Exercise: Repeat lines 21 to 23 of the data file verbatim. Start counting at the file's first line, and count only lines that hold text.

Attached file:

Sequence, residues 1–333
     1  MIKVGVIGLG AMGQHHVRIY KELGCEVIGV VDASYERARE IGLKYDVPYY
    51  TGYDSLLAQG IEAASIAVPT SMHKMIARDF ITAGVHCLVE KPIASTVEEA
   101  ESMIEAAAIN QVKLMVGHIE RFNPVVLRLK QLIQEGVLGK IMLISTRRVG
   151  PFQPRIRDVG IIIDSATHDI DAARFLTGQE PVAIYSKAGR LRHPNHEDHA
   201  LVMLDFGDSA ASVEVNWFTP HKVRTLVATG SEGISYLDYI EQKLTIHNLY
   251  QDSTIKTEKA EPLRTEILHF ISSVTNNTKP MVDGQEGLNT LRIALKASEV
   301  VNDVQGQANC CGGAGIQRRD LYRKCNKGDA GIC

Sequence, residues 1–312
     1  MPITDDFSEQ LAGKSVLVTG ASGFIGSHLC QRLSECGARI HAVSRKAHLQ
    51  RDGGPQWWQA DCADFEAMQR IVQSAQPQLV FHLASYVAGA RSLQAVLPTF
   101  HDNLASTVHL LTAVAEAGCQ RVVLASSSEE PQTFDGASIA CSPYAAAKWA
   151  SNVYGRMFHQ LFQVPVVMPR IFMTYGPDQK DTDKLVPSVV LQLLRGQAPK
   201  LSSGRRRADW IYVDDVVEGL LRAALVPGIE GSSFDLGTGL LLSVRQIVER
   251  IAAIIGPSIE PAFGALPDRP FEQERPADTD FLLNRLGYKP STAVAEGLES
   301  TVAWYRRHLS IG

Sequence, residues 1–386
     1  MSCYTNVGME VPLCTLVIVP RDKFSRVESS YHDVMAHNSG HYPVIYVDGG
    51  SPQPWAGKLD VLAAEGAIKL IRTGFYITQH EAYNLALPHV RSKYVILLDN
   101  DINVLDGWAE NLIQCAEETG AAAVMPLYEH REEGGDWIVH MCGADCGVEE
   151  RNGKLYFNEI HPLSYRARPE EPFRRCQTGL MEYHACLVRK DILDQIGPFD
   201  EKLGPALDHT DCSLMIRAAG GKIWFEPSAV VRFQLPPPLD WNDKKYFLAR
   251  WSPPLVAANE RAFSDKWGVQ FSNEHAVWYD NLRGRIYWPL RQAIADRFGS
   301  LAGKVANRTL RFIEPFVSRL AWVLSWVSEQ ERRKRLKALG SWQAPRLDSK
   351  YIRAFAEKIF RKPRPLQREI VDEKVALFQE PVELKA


   151  RNGKLYFNEI HPLSYRARPE EPFRRCQTGL MEYHACLVRK DILDQIGPFD
   201  EKLGPALDHT DCSLMIRAAG GKIWFEPSAV VRFQLPPPLD WNDKKYFLAR
   251  WSPPLVAANE RAFSDKWGVQ FSNEHAVWYD NLRGRIYWPL RQAIADRFGS